RICHLAND, Wash. – Brian Vance, manager of the EM Office of River Protection and Richland Operations Office, recently hosted a roundtable discussion with tribal nations located near the Hanford Site to review the Department’s tribal government policy site implementation plans and discuss opportunities for strengthening tribal consultation.

Participants included tribal leaders, officials, and staff from the Confederated Tribes of the Umatilla Indian Reservation, Yakama Nation, Nez Perce Tribe, and the Wanapum Band of Native Americans — all of which have been valued EM partners for decades.

Mark Gilbertson, EM Associate Principal Deputy Assistant Secretary of Regulatory and Policy Affairs, and EM Tribal Affairs Program Manager Jill Conrad, a descendant of the Nez Perce, joined the discussion along with other EM staff members.

For three decades, EM has maintained regular and robust cooperation with Native American communities and tribal nations on or near its sites. Targeted tribal engagement at Hanford and other EM sites will continue informing DOE leaders and staff as the Department works to strengthen nation-to-nation relationships. The Hanford roundtable was another opportunity to elicit tribal feedback and better understand how DOE Order 144.1 — the Department’s American Indian and Alaska Native Tribal Government Policy — can be improved.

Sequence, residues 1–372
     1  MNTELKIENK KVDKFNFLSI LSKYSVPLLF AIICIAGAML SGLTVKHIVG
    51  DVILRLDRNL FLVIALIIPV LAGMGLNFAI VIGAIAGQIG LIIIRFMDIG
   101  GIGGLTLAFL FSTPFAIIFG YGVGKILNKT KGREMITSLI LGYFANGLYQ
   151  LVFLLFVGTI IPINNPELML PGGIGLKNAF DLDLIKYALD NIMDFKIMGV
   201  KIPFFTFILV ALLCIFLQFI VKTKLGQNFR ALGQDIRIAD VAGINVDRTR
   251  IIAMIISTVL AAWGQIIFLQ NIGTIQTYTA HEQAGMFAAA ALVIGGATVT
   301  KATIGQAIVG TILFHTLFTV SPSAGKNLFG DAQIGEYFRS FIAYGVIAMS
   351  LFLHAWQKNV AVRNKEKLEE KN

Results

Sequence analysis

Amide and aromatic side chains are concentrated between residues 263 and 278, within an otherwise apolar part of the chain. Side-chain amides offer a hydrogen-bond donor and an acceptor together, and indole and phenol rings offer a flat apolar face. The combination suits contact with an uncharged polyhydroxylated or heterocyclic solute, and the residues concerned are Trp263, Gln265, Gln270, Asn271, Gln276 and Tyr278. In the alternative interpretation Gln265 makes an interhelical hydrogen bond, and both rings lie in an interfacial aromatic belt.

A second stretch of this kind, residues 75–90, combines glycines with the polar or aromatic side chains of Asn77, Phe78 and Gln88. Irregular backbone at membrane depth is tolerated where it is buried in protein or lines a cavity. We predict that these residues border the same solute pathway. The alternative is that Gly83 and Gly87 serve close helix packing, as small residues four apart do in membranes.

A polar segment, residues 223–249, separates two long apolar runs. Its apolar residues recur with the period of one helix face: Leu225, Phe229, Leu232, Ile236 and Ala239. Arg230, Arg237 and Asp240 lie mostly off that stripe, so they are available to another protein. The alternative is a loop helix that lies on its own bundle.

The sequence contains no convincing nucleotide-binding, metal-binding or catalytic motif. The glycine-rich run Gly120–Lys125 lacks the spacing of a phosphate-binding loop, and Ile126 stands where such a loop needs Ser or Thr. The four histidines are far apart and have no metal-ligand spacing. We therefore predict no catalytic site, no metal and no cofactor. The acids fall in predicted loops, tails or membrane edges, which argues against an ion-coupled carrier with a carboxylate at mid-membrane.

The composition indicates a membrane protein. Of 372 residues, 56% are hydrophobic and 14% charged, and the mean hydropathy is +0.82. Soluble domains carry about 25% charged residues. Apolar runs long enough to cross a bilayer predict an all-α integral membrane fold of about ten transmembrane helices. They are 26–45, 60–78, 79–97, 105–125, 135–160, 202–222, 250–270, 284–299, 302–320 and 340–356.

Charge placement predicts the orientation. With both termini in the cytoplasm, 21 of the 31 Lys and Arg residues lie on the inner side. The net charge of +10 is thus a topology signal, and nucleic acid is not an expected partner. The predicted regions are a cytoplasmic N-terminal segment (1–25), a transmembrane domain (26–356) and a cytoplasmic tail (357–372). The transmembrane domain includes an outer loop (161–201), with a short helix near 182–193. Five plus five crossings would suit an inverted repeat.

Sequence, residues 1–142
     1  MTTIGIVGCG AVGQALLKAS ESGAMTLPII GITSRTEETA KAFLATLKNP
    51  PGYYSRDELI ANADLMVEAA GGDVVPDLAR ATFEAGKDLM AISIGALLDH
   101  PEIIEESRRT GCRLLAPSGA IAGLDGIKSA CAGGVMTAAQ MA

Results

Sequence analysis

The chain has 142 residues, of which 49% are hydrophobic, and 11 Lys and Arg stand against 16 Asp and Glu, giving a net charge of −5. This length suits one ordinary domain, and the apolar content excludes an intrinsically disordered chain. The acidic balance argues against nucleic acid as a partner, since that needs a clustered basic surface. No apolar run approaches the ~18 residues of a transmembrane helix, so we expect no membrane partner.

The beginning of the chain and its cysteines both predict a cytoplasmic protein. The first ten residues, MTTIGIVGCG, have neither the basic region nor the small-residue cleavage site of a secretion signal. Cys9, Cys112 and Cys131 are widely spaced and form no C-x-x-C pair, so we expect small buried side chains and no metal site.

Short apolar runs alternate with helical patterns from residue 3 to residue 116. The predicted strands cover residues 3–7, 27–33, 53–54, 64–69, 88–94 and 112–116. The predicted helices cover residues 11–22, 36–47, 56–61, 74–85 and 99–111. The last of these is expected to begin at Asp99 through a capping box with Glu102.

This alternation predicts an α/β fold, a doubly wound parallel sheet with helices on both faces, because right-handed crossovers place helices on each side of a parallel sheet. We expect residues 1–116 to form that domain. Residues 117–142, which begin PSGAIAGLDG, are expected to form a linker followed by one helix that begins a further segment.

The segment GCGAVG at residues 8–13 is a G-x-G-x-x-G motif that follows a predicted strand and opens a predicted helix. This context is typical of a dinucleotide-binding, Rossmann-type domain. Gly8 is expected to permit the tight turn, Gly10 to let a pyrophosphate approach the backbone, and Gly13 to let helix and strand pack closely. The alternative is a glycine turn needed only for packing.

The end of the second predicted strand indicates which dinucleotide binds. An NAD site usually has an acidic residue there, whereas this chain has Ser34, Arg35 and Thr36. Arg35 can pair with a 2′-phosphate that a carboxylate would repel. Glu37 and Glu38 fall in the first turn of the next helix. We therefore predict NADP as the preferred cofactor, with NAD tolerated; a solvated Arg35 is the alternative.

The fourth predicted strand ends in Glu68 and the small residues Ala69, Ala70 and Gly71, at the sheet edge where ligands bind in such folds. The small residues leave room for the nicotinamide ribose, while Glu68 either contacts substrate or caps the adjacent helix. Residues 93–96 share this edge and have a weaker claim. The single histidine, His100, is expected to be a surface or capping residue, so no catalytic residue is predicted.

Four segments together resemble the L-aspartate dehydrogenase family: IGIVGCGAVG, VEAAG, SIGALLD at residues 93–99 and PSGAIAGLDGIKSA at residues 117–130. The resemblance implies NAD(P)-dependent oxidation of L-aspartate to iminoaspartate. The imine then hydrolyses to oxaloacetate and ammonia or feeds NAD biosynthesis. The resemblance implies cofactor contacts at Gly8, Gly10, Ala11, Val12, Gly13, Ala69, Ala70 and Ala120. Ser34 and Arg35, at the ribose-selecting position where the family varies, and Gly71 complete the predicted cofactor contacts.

“The tribes located near the Hanford Site have been engaged with DOE about protecting tribal rights and resources in such a culturally rich environment,” Conrad said. “Their insight is particularly helpful given their longstanding relationship with DOE.”

EM-specific tribal engagement, roundtables, and other listening sessions have already proved to be successful opportunities for tribal nations to communicate their interests. The sessions yielded recommendations the Department is pursuing to ensure DOE staff is appropriately trained in working with tribal nations, enhancing tribal science, technology, engineering, and math (STEM) and workforce opportunities, and ensuring tribes are engaged early and often in the Department’s policy formulation and decision-making to ensure their perspectives are considered.